First Published: 2011-05-04

 

Syria's Christian against fall of Assad regime

 

Syrian church prayers for 'divine protection' for embattled President Assad following deadly unrest.

 

Middle East Online

By Rana Moussaoui - DAMASCUS

'Christians have a good life in Syria'

Father Elias Debii raises his hands to heaven and prays for divine protection for embattled Syrian President Bashar al-Assad, who is facing unprecedented protests against his regime.

His prayer at the Dormition of Our Lady Greek Catholic cathedral in Old Damascus rings loud in the ears of many members of his congregation, who oppose an end to the regime of Assad even if they long for more freedoms.

"We ask God to protect our president, our government and our people from all ordeals and crises," Debii said on a recent Sunday to 250 worshippers gathered in church.

Christians represent 7.5 percent of Syria's multi-confessional population of 20 million Arabs and Kurds.

Sunni Muslims are the majority in Syrian while the Alawites, an offshoot of Shiite Islam and the community from which Assad hails, has privileged ties with the minority Christians.

Although Syria's Christians have no real political weight as a community, some of them are well established businessmen and others hold state jobs. There are three cabinet ministers among their number, and the chief of staff, Daud Raja, is a Christian.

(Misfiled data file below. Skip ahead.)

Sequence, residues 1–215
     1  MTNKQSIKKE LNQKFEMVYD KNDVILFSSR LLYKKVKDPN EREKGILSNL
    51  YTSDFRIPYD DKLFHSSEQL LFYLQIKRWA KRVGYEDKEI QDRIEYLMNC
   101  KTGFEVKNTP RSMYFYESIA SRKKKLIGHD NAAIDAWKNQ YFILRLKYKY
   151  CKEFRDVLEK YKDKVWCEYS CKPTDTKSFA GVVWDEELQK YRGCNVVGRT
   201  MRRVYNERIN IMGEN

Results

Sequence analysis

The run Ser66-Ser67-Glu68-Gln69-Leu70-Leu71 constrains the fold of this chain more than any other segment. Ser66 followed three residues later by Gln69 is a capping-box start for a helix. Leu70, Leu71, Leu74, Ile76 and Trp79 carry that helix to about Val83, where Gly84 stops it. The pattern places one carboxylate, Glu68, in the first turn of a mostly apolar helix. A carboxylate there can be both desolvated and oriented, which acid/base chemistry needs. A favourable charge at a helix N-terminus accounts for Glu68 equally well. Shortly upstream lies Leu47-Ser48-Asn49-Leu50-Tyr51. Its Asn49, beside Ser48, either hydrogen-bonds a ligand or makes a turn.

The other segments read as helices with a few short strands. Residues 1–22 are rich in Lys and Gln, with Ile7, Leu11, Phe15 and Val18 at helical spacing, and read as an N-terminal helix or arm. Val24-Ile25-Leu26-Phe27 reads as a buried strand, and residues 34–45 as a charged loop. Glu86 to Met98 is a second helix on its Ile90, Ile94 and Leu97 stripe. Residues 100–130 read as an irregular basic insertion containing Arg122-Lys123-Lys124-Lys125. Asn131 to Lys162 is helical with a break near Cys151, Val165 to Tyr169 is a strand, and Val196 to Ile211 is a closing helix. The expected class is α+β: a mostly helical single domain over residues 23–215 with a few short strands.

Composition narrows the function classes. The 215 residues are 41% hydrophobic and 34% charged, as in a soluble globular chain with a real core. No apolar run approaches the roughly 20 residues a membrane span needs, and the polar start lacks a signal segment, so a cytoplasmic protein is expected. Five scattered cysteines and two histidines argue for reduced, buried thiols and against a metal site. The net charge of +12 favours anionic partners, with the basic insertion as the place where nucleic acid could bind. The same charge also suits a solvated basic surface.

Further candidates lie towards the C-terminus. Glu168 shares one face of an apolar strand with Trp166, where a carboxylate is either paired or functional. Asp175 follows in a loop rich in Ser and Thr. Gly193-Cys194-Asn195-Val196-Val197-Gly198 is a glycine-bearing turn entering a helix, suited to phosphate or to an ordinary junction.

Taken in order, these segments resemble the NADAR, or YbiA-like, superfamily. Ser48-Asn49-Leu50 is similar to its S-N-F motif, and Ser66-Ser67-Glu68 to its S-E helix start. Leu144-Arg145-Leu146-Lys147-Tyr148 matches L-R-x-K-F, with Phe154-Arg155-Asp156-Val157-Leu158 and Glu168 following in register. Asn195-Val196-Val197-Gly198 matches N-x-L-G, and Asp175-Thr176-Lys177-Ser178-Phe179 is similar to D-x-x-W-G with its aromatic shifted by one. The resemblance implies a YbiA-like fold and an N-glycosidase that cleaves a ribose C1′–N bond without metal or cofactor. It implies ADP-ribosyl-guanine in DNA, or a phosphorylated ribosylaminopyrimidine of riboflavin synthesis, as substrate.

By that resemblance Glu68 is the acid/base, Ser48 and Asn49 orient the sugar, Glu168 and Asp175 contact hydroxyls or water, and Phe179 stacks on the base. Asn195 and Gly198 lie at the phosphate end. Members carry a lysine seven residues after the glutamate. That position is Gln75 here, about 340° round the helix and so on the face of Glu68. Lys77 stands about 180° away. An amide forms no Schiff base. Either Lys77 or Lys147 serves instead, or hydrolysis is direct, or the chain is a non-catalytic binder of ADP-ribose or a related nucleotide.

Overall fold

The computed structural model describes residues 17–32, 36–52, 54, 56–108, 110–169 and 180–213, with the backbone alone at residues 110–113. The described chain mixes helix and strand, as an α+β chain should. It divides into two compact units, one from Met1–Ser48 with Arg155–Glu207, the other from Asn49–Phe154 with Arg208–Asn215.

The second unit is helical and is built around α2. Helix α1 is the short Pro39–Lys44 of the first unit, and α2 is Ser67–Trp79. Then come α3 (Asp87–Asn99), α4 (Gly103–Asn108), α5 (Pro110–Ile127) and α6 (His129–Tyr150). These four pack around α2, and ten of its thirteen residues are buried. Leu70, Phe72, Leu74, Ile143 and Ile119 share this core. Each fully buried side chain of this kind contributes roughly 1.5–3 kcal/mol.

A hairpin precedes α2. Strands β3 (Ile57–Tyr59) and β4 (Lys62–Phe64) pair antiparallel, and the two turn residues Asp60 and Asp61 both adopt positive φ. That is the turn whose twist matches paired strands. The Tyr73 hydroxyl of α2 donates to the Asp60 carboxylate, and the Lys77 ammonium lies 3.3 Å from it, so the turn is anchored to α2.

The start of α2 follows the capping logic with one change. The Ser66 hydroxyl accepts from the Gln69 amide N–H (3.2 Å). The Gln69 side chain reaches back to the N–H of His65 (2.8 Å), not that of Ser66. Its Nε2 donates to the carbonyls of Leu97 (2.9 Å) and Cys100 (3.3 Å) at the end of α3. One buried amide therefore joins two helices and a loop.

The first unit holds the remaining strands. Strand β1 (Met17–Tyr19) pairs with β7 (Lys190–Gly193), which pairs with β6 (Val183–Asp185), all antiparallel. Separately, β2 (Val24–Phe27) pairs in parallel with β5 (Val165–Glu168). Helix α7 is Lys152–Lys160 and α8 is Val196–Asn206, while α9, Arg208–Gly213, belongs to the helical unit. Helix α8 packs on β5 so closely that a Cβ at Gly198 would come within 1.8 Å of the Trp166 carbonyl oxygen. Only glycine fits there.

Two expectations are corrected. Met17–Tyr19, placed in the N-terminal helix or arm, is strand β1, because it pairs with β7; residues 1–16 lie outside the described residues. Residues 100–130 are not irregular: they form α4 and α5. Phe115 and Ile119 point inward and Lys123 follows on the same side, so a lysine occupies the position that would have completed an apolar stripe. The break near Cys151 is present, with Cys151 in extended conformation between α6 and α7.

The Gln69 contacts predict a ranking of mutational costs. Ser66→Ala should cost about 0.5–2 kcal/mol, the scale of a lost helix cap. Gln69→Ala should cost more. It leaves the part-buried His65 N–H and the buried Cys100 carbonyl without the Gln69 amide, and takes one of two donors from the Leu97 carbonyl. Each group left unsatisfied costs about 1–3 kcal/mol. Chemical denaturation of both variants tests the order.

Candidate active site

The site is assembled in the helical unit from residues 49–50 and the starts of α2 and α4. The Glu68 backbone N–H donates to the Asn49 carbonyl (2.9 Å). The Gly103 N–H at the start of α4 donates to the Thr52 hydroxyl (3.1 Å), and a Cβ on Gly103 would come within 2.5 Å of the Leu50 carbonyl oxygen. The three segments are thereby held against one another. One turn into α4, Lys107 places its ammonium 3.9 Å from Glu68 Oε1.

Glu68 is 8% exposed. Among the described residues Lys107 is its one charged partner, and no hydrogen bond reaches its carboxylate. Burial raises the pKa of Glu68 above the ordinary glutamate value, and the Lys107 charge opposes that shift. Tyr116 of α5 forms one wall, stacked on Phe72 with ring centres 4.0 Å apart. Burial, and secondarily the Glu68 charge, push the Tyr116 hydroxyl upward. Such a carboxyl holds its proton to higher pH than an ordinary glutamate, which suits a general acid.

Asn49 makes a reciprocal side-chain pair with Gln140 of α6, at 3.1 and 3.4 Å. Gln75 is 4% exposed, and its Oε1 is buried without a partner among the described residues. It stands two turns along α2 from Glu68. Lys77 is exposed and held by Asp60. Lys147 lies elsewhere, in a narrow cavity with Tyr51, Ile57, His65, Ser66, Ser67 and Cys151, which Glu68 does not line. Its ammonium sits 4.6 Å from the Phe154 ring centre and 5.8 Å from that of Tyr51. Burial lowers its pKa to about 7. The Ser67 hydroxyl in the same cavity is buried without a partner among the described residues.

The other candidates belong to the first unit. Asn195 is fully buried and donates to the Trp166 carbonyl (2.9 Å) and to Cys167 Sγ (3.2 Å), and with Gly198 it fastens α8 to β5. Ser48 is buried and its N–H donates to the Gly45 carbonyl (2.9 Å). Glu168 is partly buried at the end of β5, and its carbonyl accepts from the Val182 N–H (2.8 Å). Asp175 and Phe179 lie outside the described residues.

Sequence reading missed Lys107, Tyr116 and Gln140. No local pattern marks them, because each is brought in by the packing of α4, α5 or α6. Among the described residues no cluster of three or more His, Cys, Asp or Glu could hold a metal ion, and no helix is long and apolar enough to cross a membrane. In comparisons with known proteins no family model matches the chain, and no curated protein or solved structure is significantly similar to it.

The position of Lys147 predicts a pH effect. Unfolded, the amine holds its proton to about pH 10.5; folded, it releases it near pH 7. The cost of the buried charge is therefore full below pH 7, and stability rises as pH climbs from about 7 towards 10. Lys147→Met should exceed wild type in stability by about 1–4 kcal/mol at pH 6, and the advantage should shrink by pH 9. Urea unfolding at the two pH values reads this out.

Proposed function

Many Christians say they are staunchly opposed to the fall of Syria's autocratic, but secular, regime, but they look forward to more reform in the country.

"Nothing will happen to the regime, because even if the president is gone we will take to the streets. We feel safe with him around," said Carine Khoury, a boutique owner, who has a Christian father and a Muslim mother.

"Christians have a good life in Syria, namely the freedom to worship thanks to President Bashar al-Assad. We are not afraid, even now," says Samer Shamut, a 36-year-old civil servant.

Optician Imad Layyus, 53, says Syria's Christians "have no political ambitions."

"We don't want power, we just want to co-exist in peace with the Muslims."

Syria has been gripped by seven weeks of deadly security crackdowns on protesters who have been demonstrating across the country demanding major political and economic reform, as well as the fall of the regime.

The government has blamed "armed gangs" for the unrest, namely extremist Muslim Salafists who espouse an austere form of Sunni Islam that seeks a return to practices that were common in the early days of the faith.

"Of course the Christians as well want more freedoms, on that we agree with the protesters, but we are mostly concerned about our safety," a businessman who declined to be named said.

He was pointing to Salafists and what some Syrian Christian call the "Iraqi nightmare" -- a reference to the wave of sectarian violence that followed the US-led invasion of 2003 that toppled Saddam Hussein's regime.

"Salafists frighten us. Look at Iraq: the Christians there lived in peace under Saddam, but now they have Al-Qaeda," said tour guide Michel Shaniss.